I asked Fran (Eleanor) McGaughey to tell us a little about herself and how she comes to write her music. We think you’ll find her story delightful. And from the heart.
“I came to composing and arranging harp music from several directions.
In 1935, I was born into a home with a mother who played classical music and in the little West Texas churches where my father was the “preacher.” We were poor as church mice. Perhaps we were church mice. I clearly remember one Mother’s Day when at the ripe old age of 4 as I sang Mother Machree
as my mother accompanied me on the piano during a church service. I participated on my father’s radio preaching by singing a solo or two.
I also sang solos and danced as I sang in my grade schools from the first grade on. Somehow, my parents were able to afford piano and singing lessons for me. I had an amazing music teacher in Jr. High who allowed me to star in two amazing musicals in which I was the star singer/actress. Tickets were sold as these were a big productions, Carmen and Cinderella, for the community in a downtown auditorium. My parents were beaming.
My first college degree was still in my parent’s “directed” pathway. I enjoyed a few music courses for any “elective” courses I could muster. The head of the music department came to me and urged me to major in music, saying that I had more talent than any of the music majors. Ahah! I was thrilled. However, that idea was not in my parents’ plans so it did not happen. Other alternative choices were also nixed. I graduated with their plans for my continued church work. I had two grad school acceptances intact ready for the taking. Instead, I chose to be married and went back to school so I could teach English. There was no women’s lib back in those times….at least not for me.
In later years, I continued taking piano lessons. I directed a Jr. High Choir in my church. I always sang in the church choirs. I had fun with my music….but that was not enough for me.
I finally enrolled in the School of Music at West Chester University and gained a degree in 1985 in Classical Guitar Performance. I studied piano, harpsichord and voice and had some courses in music composition. As an adult student, I knew the professors personally and became immersed in several music organizations. However, during my senior year I developed tendonitis in my left hand and after graduation discovered that I had to give up the guitar.
I proceeded from opera workshop into costuming with several organizations. One day, my husband observed that I needed to get back into music. Yes! Well—he built me a hammered dulcimer and found me plucking it. He said that I needed a harp. I never thought that expensive idea would be possible, but he built me a harp. He commented that “It was like putting a duck in front of a pond.”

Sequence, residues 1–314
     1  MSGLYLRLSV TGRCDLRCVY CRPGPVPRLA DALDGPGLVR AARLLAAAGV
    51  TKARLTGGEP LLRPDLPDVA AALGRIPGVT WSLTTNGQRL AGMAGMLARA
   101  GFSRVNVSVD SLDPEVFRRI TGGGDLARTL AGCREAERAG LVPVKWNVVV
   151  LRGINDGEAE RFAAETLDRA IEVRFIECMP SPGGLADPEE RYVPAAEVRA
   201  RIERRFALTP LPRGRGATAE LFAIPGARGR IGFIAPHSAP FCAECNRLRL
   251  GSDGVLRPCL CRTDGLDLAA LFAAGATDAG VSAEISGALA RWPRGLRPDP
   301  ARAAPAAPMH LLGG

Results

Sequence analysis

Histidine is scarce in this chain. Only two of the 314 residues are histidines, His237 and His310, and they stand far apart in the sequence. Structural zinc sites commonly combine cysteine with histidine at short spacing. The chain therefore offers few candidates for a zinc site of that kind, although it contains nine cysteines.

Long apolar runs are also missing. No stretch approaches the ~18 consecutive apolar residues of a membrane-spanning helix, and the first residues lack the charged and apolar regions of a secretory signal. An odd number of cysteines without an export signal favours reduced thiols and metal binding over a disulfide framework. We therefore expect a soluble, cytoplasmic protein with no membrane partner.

Soon after that, he placed a little Apple computer in my lap. I gingerly held it because I was afraid that I might break it. It was not long until I learned how to use it….through the back door. I found an Encore music program but that program soon dissolved. I moved to Sibelius. Through the influence of other musicians, I moved to Finale. I have a special computer with an M-Audio Keystation61 setup with a big screen Apple computer intended for my harp music. Producing the music I “create” in my head would be too cumbersome without these technologies.
Years ago, I was diagnosed with early stage breast cancer. I survived that and through volunteer work in a couple of breast cancer organizations, I met several special friends. I have been with them on their journeys as they completed their last hours with cancer. Harp music is comforting for difficult times. Life experiences have greatly influenced my music.
Initially, ideas come quickly but as I sit in my swivel chair and turn back and forth from harp to computer, my music “composes, decomposes and recomposes”…several times. Mistakes become opportunities. Parts fly back and forth. I try to make these parts as melodic as possible but do not always succeed. However, the total replay usually sounds okay. Being retired and having time to use as I please, this setup became my “happy trap.”
I became involved with Janet Witman as my first harp teacher. We had a good time with the Brandywine Harp Orchestra. We had rehearsals here in our home, for we had the space with great acoustics. I set all of the music for this group.
As of late, I have been taking lessons with Anne Sullivan, another fine teacher online, to broaden my playing. I need all of the expert help I can get.
My husband Dave (with his panpipes) and I have joined forces with Jupie Seaholm. We formed a small group named Serendipity. Jupie has a master’s certification from Bedside Harp Therapy. We are all of the same bent. We are not the world’s greatest harpists, but play together musically. We work hard together and enjoy sharing with dying people in a couple of Hospice Units. We also play at the annual Hospice Remembrance Service as the hundreds of names of the deceased from the current year are quietly read. We are very dedicated to our endeavor. The Hospice people show appreciation for what we are able to offer. This is why I try to write and arrange music that I consider to be soothing or cheerful to the spirit. Some of my original music has been written for a special person with a special need.
Mary Radspinner and her crew have been amazing in what she offers to our harp world. Her publishing my music is simply icing on the cake!
Life is good.